Kyra Brown, Yucas social justice program director, said it was critical that Facebook do a better job diversifying its workforce and hire locally in east Palo Alto, a historically black city. African American employees make up only 3% of the corporations senior leadership in the US.

Silicon Valley is known as this very innovative place when it comes to addressing everyday issues, she said, but my hope is that we also take that same innovation and apply it to social issues.

Brown, who grew up in east Palo Alto, said the announcement was an important first step in the tech sector helping to address inequities in the communities theyve entered.

Im glad that Facebook is thinking about the legacy it wants to leave particularly when it comes to communities of color, she said.

Read more: https://www.theguardian.com/technology/2016/dec/02/facebook-affordable-housing-silicon-valley


‘The end of Trump’: how Facebook deepens millennials’ confirmation bias

Facebook users are more likely to get news that fits political beliefs but younger voters dont necessarily realize how much the echo chamber affects them

HBO host John Oliver achieved the destruction of Donald Trump on 29 February 2016. At least, according to the Daily Beast.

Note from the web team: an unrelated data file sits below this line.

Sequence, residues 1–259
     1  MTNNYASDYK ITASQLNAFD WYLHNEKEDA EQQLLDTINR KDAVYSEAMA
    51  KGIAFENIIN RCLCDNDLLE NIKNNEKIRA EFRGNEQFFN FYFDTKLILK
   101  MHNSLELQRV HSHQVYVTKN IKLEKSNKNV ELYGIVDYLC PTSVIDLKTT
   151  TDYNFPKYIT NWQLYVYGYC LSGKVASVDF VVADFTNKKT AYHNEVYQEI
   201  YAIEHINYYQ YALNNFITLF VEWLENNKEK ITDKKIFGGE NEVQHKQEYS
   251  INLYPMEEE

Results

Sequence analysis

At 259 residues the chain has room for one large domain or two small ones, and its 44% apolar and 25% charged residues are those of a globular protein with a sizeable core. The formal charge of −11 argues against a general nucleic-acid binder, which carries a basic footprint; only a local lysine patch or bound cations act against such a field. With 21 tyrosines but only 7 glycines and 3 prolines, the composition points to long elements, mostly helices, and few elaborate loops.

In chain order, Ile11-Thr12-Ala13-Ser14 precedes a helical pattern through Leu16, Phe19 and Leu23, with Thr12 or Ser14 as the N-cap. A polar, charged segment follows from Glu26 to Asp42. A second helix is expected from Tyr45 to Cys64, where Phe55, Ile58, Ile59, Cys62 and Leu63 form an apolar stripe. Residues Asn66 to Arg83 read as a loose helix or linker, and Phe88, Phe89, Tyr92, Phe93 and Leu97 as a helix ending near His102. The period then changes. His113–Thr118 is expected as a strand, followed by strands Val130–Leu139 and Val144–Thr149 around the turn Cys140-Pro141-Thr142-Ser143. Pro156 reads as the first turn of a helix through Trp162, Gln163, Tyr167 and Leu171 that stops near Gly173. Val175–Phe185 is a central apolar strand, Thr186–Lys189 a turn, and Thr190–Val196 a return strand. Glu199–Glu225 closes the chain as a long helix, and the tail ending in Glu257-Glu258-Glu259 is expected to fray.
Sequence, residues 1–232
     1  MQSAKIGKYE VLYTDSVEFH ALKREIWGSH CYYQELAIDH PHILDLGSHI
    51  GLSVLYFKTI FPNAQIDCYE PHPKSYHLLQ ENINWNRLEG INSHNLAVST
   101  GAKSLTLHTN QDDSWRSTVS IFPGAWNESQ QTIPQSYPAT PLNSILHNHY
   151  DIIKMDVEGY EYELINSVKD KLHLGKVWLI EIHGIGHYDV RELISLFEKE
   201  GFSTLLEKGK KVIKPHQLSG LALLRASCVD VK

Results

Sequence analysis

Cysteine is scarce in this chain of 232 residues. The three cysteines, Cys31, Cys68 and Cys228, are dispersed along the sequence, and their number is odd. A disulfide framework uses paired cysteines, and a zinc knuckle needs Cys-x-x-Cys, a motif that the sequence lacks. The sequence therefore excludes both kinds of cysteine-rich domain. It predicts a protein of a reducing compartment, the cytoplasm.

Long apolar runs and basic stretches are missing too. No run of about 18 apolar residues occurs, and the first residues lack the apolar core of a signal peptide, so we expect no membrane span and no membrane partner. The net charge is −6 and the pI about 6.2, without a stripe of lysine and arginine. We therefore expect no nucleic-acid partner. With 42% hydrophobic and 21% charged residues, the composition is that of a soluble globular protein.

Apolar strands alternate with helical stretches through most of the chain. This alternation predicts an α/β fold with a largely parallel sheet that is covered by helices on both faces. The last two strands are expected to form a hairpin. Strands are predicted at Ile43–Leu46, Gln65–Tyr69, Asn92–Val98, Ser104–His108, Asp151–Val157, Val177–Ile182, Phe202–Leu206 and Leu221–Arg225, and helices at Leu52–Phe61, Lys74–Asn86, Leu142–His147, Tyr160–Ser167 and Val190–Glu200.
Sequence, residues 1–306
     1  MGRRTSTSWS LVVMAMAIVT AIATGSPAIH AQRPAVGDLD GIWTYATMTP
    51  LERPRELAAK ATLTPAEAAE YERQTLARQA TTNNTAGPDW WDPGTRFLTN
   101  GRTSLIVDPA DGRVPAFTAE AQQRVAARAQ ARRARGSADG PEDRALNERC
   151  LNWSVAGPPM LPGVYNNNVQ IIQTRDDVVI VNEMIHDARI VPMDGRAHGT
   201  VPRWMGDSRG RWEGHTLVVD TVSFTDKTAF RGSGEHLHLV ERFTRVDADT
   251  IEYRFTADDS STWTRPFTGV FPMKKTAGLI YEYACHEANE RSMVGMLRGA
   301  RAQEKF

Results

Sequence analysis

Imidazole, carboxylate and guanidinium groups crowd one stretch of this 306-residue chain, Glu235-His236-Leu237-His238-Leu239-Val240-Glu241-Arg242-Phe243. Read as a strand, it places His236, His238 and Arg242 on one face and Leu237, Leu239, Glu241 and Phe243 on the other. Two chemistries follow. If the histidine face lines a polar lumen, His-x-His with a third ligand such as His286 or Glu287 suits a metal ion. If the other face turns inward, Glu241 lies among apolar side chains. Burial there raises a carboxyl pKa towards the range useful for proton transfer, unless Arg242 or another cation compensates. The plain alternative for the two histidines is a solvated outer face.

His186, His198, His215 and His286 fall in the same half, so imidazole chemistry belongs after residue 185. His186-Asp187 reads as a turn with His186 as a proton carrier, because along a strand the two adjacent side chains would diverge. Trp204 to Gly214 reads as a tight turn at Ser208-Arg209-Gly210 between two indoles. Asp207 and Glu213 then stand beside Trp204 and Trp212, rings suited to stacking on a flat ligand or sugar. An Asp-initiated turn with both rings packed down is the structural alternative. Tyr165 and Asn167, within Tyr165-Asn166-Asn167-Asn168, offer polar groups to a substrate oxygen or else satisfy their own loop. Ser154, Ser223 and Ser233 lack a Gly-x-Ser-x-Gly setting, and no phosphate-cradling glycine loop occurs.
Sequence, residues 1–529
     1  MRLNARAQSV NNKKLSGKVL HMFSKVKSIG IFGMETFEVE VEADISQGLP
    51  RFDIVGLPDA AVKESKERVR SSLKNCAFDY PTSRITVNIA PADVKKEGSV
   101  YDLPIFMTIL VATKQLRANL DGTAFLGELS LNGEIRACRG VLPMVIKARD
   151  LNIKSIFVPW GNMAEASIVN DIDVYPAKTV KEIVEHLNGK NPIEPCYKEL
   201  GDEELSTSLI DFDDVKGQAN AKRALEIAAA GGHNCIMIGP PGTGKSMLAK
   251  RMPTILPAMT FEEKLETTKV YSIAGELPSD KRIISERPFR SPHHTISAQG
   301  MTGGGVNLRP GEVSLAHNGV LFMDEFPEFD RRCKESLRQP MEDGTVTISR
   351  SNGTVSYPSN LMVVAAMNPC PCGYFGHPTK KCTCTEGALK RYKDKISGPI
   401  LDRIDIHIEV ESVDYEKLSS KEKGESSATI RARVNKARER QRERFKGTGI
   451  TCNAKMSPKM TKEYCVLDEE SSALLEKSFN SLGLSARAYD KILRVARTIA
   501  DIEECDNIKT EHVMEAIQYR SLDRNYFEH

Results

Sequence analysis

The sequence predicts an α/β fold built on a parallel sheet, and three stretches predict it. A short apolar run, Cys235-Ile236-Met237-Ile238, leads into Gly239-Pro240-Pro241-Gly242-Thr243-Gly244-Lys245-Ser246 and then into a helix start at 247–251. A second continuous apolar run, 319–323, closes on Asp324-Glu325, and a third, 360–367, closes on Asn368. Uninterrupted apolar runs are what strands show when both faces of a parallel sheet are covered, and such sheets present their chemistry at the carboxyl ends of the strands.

Fansided, a popular social news aggregator, dates Trumps destruction at 1 August while the Daily Good called it for 21 March. Salon found no fewer than 13 glorious times that Oliver had destroyed the real estate tycoon.

Sharp-eyed consumers of the news might note that it is impossible to, as the dictionary says, put an end to the existence of something more than a single time. But for #NeverTrump Facebook users who love any content they see as bringing Trump down a peg, the formulaic headline is indicative of the Facebook media landscape: the most shareable, clickable and likable content on the site aligns strongly with its readerships pre-existing biases, assumptions and political affiliation.